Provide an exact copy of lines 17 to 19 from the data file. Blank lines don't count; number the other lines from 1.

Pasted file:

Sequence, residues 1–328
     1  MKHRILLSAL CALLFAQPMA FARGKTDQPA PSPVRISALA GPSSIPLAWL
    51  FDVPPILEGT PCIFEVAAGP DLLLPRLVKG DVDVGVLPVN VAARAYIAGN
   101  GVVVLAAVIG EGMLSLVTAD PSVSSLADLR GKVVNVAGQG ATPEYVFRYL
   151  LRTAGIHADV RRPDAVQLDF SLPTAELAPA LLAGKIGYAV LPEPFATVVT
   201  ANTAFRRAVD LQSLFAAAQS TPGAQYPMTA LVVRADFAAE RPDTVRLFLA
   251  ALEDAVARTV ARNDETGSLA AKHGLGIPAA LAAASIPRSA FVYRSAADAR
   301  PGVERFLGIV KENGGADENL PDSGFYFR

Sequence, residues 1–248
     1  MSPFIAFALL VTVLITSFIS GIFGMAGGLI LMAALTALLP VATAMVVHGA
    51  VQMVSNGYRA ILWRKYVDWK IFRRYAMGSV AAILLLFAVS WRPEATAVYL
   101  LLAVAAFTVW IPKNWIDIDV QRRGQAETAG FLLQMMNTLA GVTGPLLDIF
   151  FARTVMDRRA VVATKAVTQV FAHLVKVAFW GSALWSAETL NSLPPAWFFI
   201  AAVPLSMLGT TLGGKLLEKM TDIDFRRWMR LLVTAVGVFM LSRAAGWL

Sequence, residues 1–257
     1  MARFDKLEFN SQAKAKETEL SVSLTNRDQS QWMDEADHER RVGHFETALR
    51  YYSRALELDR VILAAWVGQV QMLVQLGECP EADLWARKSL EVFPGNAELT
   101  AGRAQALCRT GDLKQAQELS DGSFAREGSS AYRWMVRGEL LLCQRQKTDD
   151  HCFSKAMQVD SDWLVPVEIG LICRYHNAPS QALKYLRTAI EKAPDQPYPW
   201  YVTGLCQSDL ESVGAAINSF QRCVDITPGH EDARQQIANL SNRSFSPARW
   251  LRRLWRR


    51  YYSRALELDR VILAAWVGQV QMLVQLGECP EADLWARKSL EVFPGNAELT
   101  AGRAQALCRT GDLKQAQELS DGSFAREGSS AYRWMVRGEL LLCQRQKTDD
   151  HCFSKAMQVD SDWLVPVEIG LICRYHNAPS QALKYLRTAI EKAPDQPYPW